Time on the Internet can often be measured by the millisecond. We bemoan the shallowness,brevity and sensationalism of topics that seek to capture our momentary attention on our news feeds. Yet in the early part of 2014, a controversy hit the Internet with the intensity of a meteor and then instead of rapidly burning out, gained in intensity and continued discussion. The controversy became known on the Twittersphere as #Kellergate and revolved around separate columns written by former New York Times editor, Bill Keller and his wife, Guardian columnist, Emma Keller opining on blogger Lisa Bonchek Adams' frequent use of social media as a platform for chronicling and sharing her experience of living with progressive, incurable cancer. Topics of public disclosure of illness, ethics, dignity, TMI (too much information), choices surrounding treatment and death and dying were thrown into the open forum of the Internet. Without any precedent for such public sharing in real time, dialogue became divisive and heated. What appeared to be missing from the discussion was the impact of social media tools and online communities on the large population of those living with chronic illness. Attempting to add some insight to the phenomenon of illness blogging, I wrote a piece in early 2014 for WBUR's Cognoscenti site: Memo to Bill Keller: This is Why Patients Blog About Illness
Now more than half a year later, the discussion has stepped away from the specifics of the Keller/Adams controversy and has entered into a broader conversation on the issues of disclosure, community, isolation and connection. The international conference, Medicine X, held annually at Stanford University, has deemed this an important topic for the upcoming 2014 conference and has invited me and several colleagues to present a panel discussion entitled: Communicating the Experience of Illness in the Digital Age: Reaching Beyond the Keller/Adams Controversy. I am honored to be the moderator of this panel of amazing thoughtleaders, Susannah Fox, Meredith Gould, and Colleen Young, all pioneers in the fields of peer-to peer-health, online communities, community management and the evolution of communicating the experience of illness in the digital space. As a panel we will attempt to examine and identify the key aspects of the larger phenomenon of communicating the experience of illness in the digital age that we hope will help inform the continued evolution of online communities.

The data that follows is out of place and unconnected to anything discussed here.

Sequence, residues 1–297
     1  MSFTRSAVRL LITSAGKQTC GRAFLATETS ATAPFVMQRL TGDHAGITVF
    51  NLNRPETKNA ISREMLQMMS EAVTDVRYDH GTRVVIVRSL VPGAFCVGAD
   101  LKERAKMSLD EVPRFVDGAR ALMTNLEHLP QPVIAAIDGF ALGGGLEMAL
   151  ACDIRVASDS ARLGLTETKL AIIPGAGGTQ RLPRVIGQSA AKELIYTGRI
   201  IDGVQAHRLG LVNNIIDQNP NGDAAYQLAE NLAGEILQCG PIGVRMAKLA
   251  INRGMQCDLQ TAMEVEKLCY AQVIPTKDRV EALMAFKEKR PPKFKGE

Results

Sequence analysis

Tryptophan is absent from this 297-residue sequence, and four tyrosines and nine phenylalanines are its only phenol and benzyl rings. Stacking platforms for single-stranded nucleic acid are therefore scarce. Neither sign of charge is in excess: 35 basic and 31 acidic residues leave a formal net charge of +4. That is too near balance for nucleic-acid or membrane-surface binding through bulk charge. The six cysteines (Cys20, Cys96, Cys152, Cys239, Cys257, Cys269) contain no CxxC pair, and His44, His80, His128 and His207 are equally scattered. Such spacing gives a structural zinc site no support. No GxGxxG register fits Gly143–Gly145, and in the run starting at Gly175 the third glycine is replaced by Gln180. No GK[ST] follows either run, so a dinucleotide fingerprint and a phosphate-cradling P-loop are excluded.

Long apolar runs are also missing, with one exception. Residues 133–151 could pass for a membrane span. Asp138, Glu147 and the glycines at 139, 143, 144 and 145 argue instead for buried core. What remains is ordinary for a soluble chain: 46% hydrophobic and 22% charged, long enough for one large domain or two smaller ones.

I would welcome comments and discussion in the comment section of this blog -- more voices on this subject are needed as we prepare for the Medicine X conference panel. I hope to see many of you in Palo Alto, September 5-7. For those of you who can't attend, I will post live-streaming and Tweetchat information for Medicine X as it becomes available.